Liverpool midfield options

After six gameweeks Liverpool are the second highest scoring team in the Premier League. That success has attracted the attention of Fantasy Premier League managers who want a piece of the action.

With six mid-priced midfielders and one lower premium midfielder all clocking up about 400 minutes or more of play and the points being divided among them, there has been a lot of debate about which Liverpool midfielder is the best to own.

In this review I have excluded Jordan Henderson (6.4m), who anchors the midfield, because I wanted to narrow the field slightly and he is the only one of the seven to not achieve at least three shots on target this season.

I have included James Milner (6.5m), who is currently being used at left back, because of his three goals this season. All three goals have come from the penalty spot, including the two last week against Hull City that have attracted the attention of more than 40,000 FPL managers ahead of Gameweek 7.

Liverpool midfielders GW1-6 2016-17 Actions per 90

The attacking and creative metrics shown here are broken down into actions per 90 because while all six players have several hundred minutes of game time under their belt, Georginio Wijnaldum (7.7m) has played 30 per cent more minutes than Philippe Coutinho (8.2m). Game time, of course, is a consideration for managers, particularly with Daniel Sturridge’s presence hovering over most of these players and that’s where FPL managers will have to look to press conferences and other places for clues.

Penalties and how often Liverpool are likely to win them are also factors to consider. I have removed penalty goals and the shot numbers behind them from my calculations of actions per 90 minutes because of the significantly higher conversion rate for penalties. That is why Milner, who has taken all his shots from the spot, is showing zero goal threat except for penalties.

The stats show there isn’t much to chose between Coutinho, Roberto Firmino (8.4m), Adam Lallana (7.2m) and Sadio Mané (9.0m) in terms of shooting output.

Coutinho is a league ahead of the other three when it comes to shot volume, but roughly equal to them on the frequency with which he does so inside the penalty area. Therefore it is not a big surprise to see his goal output being similar.

Firmino is probably closest to the norm in terms of percentages of shots taken in the box, being on target and converted into goals. Although Mané and, particularly, Lallana have high shots on target conversion rates, the underlying data suggests they are good for future returns – albeit likely at a slower rate.

The numbers indicate Wijnaldum has a tendency to shoot from distance, but also suggest he will likely find the net in the Premier League occasionally this season.

Firmino has been the most creative of the midfielders and therefore seems to be a little unfortunate in not having that turned into an assist or two (the data set I’m using doesn’t recognise the assist the FPL granted him against Tottenham Hotspur in Gameweek 3).

For managers that don’t believe Liverpool will keep winning a penalty every other game on average, there is some redemption for Milner in his creativity. And Coutinho gains a little edge over Mané, Lallana and Wijnaldum when it comes to creating chances.

In terms of underlying statistics, Coutinho may have a slight edge over Firmino, Mané and Lallana, but the differences are not huge. Therefore, price becomes a consideration given the range on offer.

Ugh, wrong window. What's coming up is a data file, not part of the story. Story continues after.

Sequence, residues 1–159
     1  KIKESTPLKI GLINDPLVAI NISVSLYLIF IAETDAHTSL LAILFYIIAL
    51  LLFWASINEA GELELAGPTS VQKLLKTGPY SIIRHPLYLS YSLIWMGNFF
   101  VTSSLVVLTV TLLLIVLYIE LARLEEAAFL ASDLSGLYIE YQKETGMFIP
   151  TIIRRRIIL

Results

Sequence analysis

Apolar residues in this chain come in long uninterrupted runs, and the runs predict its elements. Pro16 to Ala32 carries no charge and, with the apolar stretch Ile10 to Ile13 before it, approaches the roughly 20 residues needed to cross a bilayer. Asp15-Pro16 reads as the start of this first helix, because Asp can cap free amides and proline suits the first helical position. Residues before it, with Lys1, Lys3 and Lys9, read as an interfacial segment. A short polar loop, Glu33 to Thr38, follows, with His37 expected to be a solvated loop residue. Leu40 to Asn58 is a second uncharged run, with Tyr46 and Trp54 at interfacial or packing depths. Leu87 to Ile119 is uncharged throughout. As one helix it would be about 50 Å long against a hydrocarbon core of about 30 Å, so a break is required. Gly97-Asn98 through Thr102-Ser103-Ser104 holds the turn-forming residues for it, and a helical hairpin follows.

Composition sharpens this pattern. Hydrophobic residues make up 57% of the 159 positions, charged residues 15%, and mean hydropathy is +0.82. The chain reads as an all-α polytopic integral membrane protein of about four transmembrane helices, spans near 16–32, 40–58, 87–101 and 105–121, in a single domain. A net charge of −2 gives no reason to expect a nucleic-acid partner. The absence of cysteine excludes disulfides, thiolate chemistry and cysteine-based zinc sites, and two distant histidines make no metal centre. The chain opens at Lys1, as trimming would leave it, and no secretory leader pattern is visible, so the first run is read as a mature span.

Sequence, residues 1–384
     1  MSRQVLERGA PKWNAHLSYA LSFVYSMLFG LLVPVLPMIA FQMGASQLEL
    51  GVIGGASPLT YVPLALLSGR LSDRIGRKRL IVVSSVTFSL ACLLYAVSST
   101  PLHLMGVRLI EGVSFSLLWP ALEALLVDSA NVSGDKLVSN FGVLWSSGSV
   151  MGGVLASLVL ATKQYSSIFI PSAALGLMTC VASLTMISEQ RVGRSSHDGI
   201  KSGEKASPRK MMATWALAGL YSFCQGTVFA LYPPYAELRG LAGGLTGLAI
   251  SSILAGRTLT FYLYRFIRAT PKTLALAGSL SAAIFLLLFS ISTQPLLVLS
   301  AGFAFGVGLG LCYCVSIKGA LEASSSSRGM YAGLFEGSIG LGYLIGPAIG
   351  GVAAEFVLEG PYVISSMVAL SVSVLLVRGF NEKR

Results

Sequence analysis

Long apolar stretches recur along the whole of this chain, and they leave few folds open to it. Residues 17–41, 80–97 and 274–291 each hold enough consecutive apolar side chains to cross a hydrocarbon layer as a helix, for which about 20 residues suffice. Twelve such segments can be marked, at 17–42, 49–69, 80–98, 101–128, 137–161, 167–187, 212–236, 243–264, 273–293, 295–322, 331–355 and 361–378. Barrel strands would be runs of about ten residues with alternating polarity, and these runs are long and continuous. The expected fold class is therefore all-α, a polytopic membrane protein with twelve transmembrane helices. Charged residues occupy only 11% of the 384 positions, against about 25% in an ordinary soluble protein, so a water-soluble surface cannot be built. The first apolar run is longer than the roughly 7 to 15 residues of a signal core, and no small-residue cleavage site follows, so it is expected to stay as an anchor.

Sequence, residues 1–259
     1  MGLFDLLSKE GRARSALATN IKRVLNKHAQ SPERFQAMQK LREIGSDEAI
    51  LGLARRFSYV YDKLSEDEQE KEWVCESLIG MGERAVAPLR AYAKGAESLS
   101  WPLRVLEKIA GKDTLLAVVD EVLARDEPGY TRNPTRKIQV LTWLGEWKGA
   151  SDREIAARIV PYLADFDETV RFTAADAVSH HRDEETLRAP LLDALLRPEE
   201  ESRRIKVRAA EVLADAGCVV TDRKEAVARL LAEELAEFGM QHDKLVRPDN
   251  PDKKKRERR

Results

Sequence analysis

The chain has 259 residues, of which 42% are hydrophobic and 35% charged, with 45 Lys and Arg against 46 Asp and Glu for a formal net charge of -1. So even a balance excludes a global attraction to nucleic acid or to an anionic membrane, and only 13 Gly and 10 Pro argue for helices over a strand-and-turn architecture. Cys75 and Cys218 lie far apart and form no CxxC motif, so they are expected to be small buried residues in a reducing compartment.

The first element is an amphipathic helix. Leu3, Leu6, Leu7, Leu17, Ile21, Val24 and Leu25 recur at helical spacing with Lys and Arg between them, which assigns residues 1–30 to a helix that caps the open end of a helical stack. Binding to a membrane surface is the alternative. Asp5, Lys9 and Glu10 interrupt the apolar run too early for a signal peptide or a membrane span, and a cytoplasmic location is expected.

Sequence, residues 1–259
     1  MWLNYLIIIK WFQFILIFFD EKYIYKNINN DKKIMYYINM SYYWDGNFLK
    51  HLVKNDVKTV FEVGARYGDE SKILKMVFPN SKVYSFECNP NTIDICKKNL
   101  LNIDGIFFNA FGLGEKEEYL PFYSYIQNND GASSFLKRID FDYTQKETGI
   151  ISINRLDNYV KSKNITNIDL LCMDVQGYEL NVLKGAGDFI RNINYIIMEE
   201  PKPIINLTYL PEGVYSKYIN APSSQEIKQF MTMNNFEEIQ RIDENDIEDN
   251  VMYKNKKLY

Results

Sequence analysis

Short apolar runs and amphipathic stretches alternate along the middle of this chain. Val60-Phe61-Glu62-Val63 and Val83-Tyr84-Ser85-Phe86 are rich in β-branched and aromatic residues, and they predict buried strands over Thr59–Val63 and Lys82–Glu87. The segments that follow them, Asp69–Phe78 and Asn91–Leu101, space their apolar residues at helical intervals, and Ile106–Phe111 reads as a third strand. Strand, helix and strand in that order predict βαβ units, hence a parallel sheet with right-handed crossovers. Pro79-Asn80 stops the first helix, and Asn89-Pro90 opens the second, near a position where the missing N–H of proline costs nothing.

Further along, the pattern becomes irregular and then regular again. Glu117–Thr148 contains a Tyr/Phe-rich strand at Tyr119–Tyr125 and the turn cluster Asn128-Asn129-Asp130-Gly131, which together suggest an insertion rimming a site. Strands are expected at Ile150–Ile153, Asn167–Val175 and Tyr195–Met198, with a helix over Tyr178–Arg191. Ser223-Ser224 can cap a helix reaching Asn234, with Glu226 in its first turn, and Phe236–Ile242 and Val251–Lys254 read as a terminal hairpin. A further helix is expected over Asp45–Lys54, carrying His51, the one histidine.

Liverpool midfielders GW1-6 2016-17 points and price

The second chart shows how many points each player has delivered so far per 90 minutes played (P90) and that points output adjusted by their current price (P90/£).

Here the value Lallana has offered so far (remember he may have been somewhat overachieving) is demonstrated, while we might want more from Mané for his price. It also suggests Coutinho has delivered the best return on investment so far.

Any one of Lallana, Firmino, Mané and Coutinho look decent picks. If budget isn’t a concern and you had to pick one above the rest then it looks like Coutinho has the edge based on statistics from the small number of games played so far. However, several people who watch more games than me have suggested Mané looks the most dangerous. I’d be interested to hear your views in the comments below. 


Everything but the goal: GW7

Everything but the Goal had its first test selection success last week when Son Heung-Min followed up his strong Gameweek 5 underlying statistics with a good performance in Gameweek 6 in which the Tottenham Hotspur midfielder found the back of the net not once, but twice against Middlesborough. He did so off four shots, including three in the area and two on target.

This experiment is attempting to see what success can be had from selecting a player with good underlying statistics from a small number of recent games but has failed to deliver Fantasy Premier League returns. Players are judged to have either found their objective (goal, assist, clean sheet etc.) or to be missing it again.

Alongside the main selection, I choose a control pick. This is a player who had good underlying numbers but also delivered returns the week before. Arsenal’s Alexis Sánchez, the control pick last week, also found the net after hitting four shots, including two in the box and one on target.

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While it is a shame to overlook the merits of Christian Benteke or Jermaine Defoe as control picks given their striking performances last week, the objective for the two picks this week will not be goals but to deliver an assist each. The Everything but the Goal pick for Gameweek 7 is Jason Puncheon. He created eight chances for Crystal Palace against Sunderland, including two from corners.

The control selection is Burnley’s Steven Defour, who created six chances against Watford, half of them from corners, and saw two of those chances turned into assists.

Season EBTG score: Found 1 – 4 Missing.